WASHINGTON — Kids, don’t try this at home.
The Bush administration’s top Supreme Court lawyer says he typed the words “free porn” into an Internet search engine on his home computer and got a list of more than 6 million Web sites. That’s proof, Solicitor General Theodore Olson told the Supreme Court on Tuesday, of the need for a law protecting children from a tide of online smut.
Internet porn is “persistent and unavoidable,” Olson told the court, and government has a strong interest in shielding teenagers and younger children from it.
The problem, as the Supreme Court has observed before, is that a lot of dirty pictures are constitutionally protected free speech that adults have the right to see and buy. Children don’t have the same rights, but kids and adults alike can surf the Web.
Porn is “as easily available to children as a television remote,” Olson told the justices as he defended a 1998 law that Congress meant as a firewall to shield children.
The Child Online Protection Act has never taken effect. A federal appeals court struck down the law twice, on separate constitutional grounds, and it is now before the Supreme Court for a second time.
The law, known as COPA, was a replacement for a broader law that the Supreme Court rejected as unconstitutional in 1997. Congress passed COPA the following year. The retooled law is tailored to address the high court’s free speech concerns, Olson said.
Prosecute existing laws, justices suggest
Several justices weren’t buying it.
“It seems to me this is very sweeping,” Justice Anthony M. Kennedy said at one point.
If porn sellers are flouting the existing laws about obscenity, perhaps the government should go after them more aggressively, Justice Sandra Day O’Connor suggested.
The Bush administration has brought 21 indictments in two years alleging that Web site operators and others crossed the line from acceptable smut to illegal obscenity, Olson told the court.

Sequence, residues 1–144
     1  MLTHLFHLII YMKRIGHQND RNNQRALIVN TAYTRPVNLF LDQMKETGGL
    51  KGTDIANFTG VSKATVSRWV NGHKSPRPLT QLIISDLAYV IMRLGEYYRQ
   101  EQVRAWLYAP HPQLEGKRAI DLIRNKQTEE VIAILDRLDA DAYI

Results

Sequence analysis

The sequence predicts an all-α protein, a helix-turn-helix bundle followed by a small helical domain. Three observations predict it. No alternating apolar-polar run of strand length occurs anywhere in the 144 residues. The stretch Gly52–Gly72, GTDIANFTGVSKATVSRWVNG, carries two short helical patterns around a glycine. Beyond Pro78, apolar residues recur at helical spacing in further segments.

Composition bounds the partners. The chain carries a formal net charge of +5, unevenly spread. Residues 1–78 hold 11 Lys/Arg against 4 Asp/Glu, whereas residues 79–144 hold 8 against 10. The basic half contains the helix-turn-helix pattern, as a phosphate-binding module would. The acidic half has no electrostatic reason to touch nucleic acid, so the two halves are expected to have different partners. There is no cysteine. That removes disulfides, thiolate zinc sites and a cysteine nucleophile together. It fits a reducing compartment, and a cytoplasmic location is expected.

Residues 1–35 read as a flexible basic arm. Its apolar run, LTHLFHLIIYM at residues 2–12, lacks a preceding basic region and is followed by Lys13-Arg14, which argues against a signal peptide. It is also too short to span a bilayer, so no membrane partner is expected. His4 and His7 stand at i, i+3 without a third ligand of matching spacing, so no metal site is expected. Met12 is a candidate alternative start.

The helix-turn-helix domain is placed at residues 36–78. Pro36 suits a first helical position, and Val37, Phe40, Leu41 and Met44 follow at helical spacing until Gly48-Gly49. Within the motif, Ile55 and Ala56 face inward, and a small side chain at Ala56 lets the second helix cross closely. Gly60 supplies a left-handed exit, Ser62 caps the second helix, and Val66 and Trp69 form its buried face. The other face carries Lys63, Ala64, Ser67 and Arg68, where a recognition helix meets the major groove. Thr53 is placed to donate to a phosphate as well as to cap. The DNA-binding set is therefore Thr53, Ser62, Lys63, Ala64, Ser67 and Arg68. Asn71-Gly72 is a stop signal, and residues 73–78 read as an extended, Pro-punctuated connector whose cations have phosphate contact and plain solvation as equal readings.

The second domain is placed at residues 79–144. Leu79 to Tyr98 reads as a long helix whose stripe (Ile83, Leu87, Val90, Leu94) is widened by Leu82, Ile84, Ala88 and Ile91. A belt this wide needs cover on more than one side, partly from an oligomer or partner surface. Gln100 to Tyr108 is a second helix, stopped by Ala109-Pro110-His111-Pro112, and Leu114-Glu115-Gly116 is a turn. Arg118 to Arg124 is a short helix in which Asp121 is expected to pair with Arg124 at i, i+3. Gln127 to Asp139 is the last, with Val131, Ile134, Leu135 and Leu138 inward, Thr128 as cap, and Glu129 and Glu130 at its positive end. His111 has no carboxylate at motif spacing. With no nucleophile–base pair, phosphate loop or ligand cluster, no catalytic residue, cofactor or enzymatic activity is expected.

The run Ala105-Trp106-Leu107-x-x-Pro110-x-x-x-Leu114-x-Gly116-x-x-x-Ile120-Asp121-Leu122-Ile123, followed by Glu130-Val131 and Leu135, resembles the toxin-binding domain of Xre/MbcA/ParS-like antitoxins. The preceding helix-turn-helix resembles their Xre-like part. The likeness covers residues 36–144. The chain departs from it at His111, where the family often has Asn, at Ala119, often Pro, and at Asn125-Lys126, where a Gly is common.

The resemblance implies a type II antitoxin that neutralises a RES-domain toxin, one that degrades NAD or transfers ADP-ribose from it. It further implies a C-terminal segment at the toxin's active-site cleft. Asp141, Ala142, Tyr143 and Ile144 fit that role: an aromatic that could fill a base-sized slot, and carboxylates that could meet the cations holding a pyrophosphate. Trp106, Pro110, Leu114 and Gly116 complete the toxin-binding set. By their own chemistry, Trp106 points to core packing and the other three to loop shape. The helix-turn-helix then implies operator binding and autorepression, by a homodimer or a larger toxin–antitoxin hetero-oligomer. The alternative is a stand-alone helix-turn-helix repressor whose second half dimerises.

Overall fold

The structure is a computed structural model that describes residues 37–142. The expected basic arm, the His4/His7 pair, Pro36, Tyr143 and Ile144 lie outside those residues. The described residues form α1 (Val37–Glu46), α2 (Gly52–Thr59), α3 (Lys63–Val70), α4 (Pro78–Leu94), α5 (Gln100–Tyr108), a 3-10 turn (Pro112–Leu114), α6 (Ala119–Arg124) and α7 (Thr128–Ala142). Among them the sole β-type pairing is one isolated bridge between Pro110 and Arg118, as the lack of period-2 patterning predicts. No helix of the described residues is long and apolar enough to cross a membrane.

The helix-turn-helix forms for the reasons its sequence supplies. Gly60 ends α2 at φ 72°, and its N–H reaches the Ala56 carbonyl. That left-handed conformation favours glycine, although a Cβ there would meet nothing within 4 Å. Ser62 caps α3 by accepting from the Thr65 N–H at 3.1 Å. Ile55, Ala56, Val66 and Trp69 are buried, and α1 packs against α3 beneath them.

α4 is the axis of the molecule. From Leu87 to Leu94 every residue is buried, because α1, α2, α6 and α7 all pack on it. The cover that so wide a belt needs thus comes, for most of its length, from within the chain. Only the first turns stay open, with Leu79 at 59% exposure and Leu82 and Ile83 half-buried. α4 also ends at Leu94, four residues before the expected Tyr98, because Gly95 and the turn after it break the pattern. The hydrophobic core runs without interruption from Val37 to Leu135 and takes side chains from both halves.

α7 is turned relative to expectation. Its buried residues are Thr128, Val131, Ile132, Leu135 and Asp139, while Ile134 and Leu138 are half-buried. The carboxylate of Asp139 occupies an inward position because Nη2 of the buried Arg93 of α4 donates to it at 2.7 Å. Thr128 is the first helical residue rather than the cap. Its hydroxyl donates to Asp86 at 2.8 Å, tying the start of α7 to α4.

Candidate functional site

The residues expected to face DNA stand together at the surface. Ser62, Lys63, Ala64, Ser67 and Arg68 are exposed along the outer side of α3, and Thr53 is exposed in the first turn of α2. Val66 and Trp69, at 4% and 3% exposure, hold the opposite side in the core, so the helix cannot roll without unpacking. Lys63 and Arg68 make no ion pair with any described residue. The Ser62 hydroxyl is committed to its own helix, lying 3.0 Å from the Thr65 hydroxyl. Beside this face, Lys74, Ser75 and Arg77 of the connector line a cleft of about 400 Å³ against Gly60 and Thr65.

“With such a vast array of sites, there are so few prosecutions,” O’Connor said. “It’s just amazing.”
COPA would make it a crime for commercial Web site operators to knowingly place material that is harmful to children within their unrestricted online reach. Violators can face six months in jail and civil and criminal penalties of $50,000.
The law is meant to go after the really bad guys, Olson argued. He suggested that the American Civil Liberties Union and other opponents of the law are crying wolf.
No definition of 'harmful to minors'
It’s the government that is being unrealistic, ACLU lawyer Ann Beeson countered.
The law “criminalizes a depiction or description of nudity, or even a description of the female breast,” Beeson told the justices.
The ACLU challenged the law on behalf of online bookstores, artists and others, including operators of Web sites that offer explicit how-to sex advice or health information. Among them is Mitch Tepper, whose Web site dispenses very specific instructions to help the disabled enjoy sex. One article he has posted online is titled “Handsfree Whoopie.”
Tepper risks jail time if some prosecutor somewhere finds his material “harmful to minors,” the ACLU argued. COPA gives no absolute definition of what is “harmful to minors,” leaving that in part to “the average person, applying contemporary community standards.”
The ACLU maintains that the community standards test is meaningless when applied to the far-flung Internet, but the Supreme Court ruled two years ago that that claim is not enough, on its own, to make the law unconstitutional.
The high court is expected to issue a more definitive ruling by summer.
The case is Ashcroft v. ACLU, 03-218.
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